Tony Oursler & Ida Applebroog
Fact Giver: Khadija
Fact Giver: Today we are going to give our presentation in the form of a fan fiction. Enno is Tony Oursler, Becca is Ida Applebroog, Hadis the narrator and I am the fact giver. Enjoy!
Narrator: The sun filters through the gallery skylight onto Tony’s furrowed brow. He had wasted his whole day trying to fix his installation, whilst occasionally swiping right on some geriatric art hotties. Nothing exciting had happened today but then… he got a match.
Ida: Hey Tony, wanna hook up? I bet you could even make the Mona Lisa smile.
Narrator: The message read. Tony smiled.
Tony: Finally, someone with some chat. And she’s a fitty too, look at those folds, I can’t wait to explore those bad boys. I wonder what her art looks like…
Fact Giver: Well Tony I can help you there… Ida Applebroog was born in 1929 and considers herself a generic artist. When she first started out as an artist Applebroog made books from drawings she had done. Applebroog would then use her printing press to mail the books to other artists she admired.
She then transitioned into narrative and video art. Before, making 3-d vellum paper sculptures. She would layer these sculpture with rhoplex, however rhoplex was found to be carcinogenic and taken off the market, so she had to start painting.
Tony: Ooo sounds like a dangerous lady… maybe she’s a risk taker…
Fact Giver: With her paintings Applebroog felt she could simulate the strokes of the sculptures with paint. People now see her as a painter, however, Applebroog sees herself as still working with structure and staging.
Applebroog sees a problem with feminism in art. She had to fight herself to become a female artist and remembers one lecturer praising her work because ‘it looked like a man had done it.’ Applebroog said it took her years to realise and resent this sexist compliment. She does not consider herself as political or a feminist artist, she hates being labelled and hates the way it restricts artists.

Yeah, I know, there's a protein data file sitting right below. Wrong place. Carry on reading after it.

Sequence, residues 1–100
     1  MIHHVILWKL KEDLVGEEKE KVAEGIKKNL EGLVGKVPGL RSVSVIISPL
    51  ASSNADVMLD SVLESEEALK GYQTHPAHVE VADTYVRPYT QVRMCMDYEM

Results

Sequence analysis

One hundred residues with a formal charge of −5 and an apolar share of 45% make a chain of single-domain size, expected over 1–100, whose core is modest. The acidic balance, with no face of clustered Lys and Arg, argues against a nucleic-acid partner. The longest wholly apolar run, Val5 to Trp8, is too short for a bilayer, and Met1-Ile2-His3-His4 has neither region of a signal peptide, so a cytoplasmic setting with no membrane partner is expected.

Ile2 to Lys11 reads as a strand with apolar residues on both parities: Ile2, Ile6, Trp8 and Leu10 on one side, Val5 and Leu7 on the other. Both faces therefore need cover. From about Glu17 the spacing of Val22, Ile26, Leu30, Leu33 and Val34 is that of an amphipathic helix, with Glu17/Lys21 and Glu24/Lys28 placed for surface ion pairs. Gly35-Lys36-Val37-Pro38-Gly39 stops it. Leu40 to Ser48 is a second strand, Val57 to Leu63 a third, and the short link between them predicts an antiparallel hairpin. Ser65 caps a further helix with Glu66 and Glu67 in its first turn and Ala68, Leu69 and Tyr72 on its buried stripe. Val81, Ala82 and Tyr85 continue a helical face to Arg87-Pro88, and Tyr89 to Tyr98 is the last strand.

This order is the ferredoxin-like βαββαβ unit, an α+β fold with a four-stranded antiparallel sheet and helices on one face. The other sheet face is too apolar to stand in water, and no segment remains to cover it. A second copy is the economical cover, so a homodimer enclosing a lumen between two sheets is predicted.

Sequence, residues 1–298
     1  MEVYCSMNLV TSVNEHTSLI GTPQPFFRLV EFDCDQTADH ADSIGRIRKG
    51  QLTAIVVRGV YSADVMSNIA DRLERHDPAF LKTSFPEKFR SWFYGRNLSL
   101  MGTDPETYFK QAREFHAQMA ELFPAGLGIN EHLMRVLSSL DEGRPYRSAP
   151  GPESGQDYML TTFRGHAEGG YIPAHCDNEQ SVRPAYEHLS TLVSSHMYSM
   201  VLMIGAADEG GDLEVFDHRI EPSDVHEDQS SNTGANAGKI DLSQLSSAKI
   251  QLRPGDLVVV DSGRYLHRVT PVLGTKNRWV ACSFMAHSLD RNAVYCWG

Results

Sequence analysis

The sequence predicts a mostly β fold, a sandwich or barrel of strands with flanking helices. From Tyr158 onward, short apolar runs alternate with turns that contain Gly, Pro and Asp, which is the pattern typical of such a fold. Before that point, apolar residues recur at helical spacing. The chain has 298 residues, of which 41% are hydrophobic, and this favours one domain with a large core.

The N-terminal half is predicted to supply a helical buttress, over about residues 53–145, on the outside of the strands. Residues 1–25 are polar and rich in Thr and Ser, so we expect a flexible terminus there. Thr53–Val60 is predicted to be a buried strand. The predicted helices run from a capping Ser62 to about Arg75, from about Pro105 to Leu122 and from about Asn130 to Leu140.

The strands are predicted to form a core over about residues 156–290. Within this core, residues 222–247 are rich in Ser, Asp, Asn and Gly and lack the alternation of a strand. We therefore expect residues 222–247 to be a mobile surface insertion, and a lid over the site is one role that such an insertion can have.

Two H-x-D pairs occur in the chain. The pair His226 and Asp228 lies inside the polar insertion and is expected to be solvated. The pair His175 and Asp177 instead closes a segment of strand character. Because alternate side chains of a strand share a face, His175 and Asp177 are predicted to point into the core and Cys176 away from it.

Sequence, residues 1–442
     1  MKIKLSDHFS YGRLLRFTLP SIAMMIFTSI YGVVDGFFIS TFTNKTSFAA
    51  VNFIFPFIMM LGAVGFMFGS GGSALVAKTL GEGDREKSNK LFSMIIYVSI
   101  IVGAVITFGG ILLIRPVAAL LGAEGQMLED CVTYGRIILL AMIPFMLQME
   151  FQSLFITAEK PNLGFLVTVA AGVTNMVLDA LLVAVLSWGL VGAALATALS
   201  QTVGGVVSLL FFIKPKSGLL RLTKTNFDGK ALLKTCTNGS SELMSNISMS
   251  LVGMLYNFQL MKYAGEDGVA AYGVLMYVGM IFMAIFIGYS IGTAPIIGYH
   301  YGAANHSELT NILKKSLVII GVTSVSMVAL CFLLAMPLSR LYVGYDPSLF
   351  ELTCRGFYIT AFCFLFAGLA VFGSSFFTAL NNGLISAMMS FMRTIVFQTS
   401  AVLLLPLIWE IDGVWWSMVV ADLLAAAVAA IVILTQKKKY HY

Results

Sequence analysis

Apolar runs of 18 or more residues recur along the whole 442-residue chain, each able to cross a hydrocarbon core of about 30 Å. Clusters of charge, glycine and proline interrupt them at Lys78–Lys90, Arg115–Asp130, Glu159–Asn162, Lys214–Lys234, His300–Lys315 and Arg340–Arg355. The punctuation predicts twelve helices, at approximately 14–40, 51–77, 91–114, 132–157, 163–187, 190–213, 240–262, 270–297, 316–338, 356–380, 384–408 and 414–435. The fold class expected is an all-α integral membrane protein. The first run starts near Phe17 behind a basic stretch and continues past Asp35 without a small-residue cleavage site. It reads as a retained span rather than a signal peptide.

Tony: Hmm that sounds pretty good, she seems to hate being put in a box, I like that… I better reply.
Narrator: Tony smashed out a message to send back…
Tony: Sure Ida, you look like someone who’s lived a little… winky face
Narrator: Ida blushed as she read Tony’s message.
Ida: Oh, I better research him… just so I know what he’s into…
Fact Giver: Well Ida Tony Oursler was born in 1957.
Ida: Oh, I do love a younger man.
Fact Giver: Oursler is an American and multimedia artist. He is known for his fractured narrative videos tapes. These works consists of complex sound tracks, painted sets, stop-action animation and optical special effects. Oursler’s early works were exhibited in alternative spaces and museums to create immersive experiences.
Ida: I love it being immersive…
Fact Giver: In 1991 Oursler began working with small LCD video projectors. He then began to use dolls and dummies in his work that were made of soft cloth figures, with expressive animated faces. Oursler created a series of installations that combined found objects with video projections.
Narrator: Tony and Ida agreed a place to meet
Ida: Oh Tony, I didn’t think you’d bring me here
Tony: I know the restricted area of the MOMA is one of the hidden gems of the art world … if you believe in the bourgeois idea of an art world anyway.
Ida: Oh, you’re spoiling me.
Tony: So, Ida tell me about yourself.
Ida: Before the age of 45 I was a struggling artist trying to support my four children. So, I hope you don’t mind being a step-father Tony… only joking
Tony: Oh, Ida you are so funny, anyway tell me more about your work.
Ida: I tend to explore themes of gender, sexual identity, politics and violence.
Tony: Oh, so you like it rough then.
Ida: Oh, Tony you’re so naughty.
Tony: Well go on take of those spanx darling.
Ida: Tony not so fast, I need to get to know you more first.
Tony: Well, I’m married to Jaqueline Humphrey’s but I guess you don’t need to know that. I tend to keep my personal life private as I want my art to speak for me. Anyway Ida, why are we focusing on me, when you are so irresistible.
Ida: Really, me?
Tony: Yeah, you motherfucker.
Fact Giver: Fun fact guys, Tony’s installation ‘Judy’ in fact used that exact phrase: ‘Yeah you motherfucker!” ‘Judy; was made in 1993 and explored the relationship between mass media and multiple personality disorder. It used Oursler’s signature projections and cloth dummies. The room was full of animations and sounds, making a fully immersive experience. Anyway Ida, you were about to reply…
Ida: Oh, Tony you’re so forward…
Narrator: As they looked into each other’s eyes a spark filled the room. Their chemistry was electric. Age was but a number. The restricted room door flew shut, as the spanx flew out the window.